He had a high forehead that contained a corresponding intellect and he could look poker-faced and serious at times. While some people may have seen Scotty as aloof, nothing could be more wrong than this perception. It is true that he could not stand pretence or posturing and would say, “Let the tongue and lips move in independence of the lower jaw”. But he could talk and engage with anybody and with everybody about almost anything. Should there be something he did not understand, he would ask about it or take his own steps to follow up this gap in his knowledge. It would be stored away and often reported back to those interested or involved. If Scotty borrowed something it was generally a piece of equipment that he did not have but with which he could help someone else. I lent him my chain saw once and it was returned in better condition and with a small gift.
Scotty was totally impecuniary even though he could have made a lot of money with all his skills. His interest was focused more on service for others. “Doing your best and getting a job done and working as a team makes the experience more enjoyable,”he would say. He was so trusting he would leave his car keys on the right rear wheel of his car under the mudguard when parking in the street!
He therefore had many friends from all walks of life, from everywhere, including all over the world. I myself had the pleasure of having Scotty as my surgical assistant during his later years when he had ceased his own clinical practice. When in the operating theatre or in the tea room he would often greet and enquire where one of the staff who was not from Australia was from. They might be from Europe, North America or all parts of Asia and not uncommonly through his vast number of medical connections throughout the world, there was someone in common who was known to Scotty or he knew the area where the staff member lived and chatted about its various topographical features. He was fun to operate with and because he had never had much orthopaedic training as a junior doctor he was always amazed at how far the leg could be screwed around when doing a Total Hip replacement. He also coveted the orthopaedic power drills and reamers but especially the hip socket reamer which he perceived as the perfect cheese grater and wanted to borrow it if he one day needed to grate a Stilton! Once he asked if he could keep two discarded hip replacement heads. The heads are made of cobalt/chromium, are highly polished and fit into the hip socket like a large ball bearing. Scotty had acquired them to adorn a trophy for a special annual endurance/strength award at Lord Somers Camp called the “Balls of Steel Award”. He had found the perfect trophy!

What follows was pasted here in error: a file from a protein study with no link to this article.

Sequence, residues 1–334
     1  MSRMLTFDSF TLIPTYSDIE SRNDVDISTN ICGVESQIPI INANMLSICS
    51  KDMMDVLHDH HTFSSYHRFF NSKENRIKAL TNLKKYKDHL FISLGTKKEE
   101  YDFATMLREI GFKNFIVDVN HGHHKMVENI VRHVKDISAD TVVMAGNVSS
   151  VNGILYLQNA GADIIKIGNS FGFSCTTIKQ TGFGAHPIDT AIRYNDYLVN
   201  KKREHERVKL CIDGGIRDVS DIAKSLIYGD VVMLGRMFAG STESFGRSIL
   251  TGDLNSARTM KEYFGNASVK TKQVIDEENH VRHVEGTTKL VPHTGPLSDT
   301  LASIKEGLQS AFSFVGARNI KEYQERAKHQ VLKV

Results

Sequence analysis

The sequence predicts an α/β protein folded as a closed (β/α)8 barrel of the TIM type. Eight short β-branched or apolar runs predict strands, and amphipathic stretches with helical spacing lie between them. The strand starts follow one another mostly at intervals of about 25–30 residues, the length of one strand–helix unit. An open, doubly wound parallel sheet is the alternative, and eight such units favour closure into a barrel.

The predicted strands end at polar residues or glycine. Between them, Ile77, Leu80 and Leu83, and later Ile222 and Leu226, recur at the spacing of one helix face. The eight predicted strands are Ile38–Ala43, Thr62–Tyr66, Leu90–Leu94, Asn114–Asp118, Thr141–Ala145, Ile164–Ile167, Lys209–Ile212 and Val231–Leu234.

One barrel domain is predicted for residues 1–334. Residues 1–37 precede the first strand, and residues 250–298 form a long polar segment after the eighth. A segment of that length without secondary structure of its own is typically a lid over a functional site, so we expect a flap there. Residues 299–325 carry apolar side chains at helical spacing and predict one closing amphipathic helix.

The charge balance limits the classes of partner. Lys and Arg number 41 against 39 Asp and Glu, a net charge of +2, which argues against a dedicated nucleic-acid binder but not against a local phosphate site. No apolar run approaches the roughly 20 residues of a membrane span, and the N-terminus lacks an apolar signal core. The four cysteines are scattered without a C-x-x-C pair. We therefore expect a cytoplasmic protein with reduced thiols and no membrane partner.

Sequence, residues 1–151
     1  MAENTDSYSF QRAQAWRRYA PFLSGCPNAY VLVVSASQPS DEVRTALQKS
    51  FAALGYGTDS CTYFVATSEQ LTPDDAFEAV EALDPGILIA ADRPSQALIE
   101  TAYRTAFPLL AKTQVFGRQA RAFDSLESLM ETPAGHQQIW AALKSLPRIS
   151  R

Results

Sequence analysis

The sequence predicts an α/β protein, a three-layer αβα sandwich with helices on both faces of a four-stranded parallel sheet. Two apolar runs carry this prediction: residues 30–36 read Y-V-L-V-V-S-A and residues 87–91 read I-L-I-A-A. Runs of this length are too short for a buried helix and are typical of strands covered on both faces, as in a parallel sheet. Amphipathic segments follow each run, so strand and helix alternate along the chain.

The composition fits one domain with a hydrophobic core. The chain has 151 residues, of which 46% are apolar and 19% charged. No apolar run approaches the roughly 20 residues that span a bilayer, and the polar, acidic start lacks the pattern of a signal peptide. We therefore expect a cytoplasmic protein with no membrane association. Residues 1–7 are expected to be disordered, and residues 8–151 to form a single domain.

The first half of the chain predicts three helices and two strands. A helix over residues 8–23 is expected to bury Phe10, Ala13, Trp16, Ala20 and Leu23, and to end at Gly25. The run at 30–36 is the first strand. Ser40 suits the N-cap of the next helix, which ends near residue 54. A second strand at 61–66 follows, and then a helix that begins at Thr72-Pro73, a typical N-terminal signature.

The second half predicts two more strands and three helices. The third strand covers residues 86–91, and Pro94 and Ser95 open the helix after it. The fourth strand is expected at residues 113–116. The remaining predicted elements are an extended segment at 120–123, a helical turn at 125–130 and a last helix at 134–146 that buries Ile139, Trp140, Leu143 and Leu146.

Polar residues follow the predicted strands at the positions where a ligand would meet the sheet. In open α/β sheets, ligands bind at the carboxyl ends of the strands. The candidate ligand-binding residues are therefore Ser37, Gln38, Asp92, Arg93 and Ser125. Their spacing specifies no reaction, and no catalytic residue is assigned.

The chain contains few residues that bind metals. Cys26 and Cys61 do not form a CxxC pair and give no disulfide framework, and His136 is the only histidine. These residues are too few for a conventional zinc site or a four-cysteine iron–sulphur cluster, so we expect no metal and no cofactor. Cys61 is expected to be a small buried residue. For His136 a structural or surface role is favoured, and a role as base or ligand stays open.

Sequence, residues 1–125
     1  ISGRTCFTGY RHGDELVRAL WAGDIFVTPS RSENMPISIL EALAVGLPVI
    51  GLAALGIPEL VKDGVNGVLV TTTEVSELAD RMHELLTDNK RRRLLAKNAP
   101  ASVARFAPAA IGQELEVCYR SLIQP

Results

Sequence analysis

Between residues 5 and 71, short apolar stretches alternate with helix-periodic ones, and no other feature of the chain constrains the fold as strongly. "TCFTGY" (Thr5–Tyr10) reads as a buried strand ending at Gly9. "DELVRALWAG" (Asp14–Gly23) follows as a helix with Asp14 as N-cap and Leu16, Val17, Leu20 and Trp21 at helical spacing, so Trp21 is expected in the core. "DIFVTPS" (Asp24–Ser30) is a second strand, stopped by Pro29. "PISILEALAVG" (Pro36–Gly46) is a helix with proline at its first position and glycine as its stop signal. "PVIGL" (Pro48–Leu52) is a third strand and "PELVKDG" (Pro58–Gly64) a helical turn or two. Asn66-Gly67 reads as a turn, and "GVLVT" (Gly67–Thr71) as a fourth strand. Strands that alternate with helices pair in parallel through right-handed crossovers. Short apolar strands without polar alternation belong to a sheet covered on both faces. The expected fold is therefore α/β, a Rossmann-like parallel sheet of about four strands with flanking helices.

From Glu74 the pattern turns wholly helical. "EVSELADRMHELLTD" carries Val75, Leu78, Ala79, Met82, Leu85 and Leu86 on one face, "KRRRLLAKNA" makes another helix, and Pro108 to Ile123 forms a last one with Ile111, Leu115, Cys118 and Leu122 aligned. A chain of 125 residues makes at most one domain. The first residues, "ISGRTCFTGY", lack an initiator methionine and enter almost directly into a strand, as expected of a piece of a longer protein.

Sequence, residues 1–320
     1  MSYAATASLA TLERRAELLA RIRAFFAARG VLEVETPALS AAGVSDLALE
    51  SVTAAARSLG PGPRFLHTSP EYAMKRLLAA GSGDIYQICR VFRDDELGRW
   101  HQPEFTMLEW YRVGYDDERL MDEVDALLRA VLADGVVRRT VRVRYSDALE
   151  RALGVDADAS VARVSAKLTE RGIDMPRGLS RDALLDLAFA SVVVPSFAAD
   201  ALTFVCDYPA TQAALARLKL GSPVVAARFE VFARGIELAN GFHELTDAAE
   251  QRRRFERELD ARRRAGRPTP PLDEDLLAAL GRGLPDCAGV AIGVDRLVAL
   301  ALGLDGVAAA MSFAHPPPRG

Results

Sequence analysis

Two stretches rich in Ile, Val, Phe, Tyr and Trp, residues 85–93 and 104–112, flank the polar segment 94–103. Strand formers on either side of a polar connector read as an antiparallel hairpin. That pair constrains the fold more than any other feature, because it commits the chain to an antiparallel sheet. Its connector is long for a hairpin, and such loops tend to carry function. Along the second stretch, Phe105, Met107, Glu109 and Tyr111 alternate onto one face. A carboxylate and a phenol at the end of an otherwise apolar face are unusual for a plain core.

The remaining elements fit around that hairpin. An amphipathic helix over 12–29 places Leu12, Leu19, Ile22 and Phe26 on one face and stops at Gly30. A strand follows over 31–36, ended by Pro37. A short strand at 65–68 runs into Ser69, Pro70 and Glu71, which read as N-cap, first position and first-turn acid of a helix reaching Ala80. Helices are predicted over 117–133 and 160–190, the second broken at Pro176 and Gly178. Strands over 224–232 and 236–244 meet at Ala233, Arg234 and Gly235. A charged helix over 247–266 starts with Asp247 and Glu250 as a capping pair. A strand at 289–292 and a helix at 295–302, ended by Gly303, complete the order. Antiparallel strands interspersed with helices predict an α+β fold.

Scotty was a great listener and wise counsellor. but he was also an entertaining talker and story teller. He was popular as an after dinner speaker, telling up-to-date jokes appropriate for whichever audience he had in front of him. He was also a good actor and trickster. One evening at his home Scotty was hosting some junior doctors who worked with him at Royal Melbourne. He looked at his watch and excused himself and said he had to collect his Scottish cousin at the train station. There was a knock at the door soon after Scotty had left and the cousin entered saying his train was early and he decided not to wait and so walked from the station. Obviously their paths had crossed. The cousin had a very broad Scottish accent and was very entertaining for a good part of the evening. The “cousin” of course was a made-up Scotty and he was so convincing it took ages for the penny to drop for the bemused guests.
Aye, this man was a true lifelong friend of Queen’s College. He will never be forgotten by those fortunate enough to know him. Vale, Scotty.
John Harris is an orthopaedic surgeon and a Fellow of Queen’s College.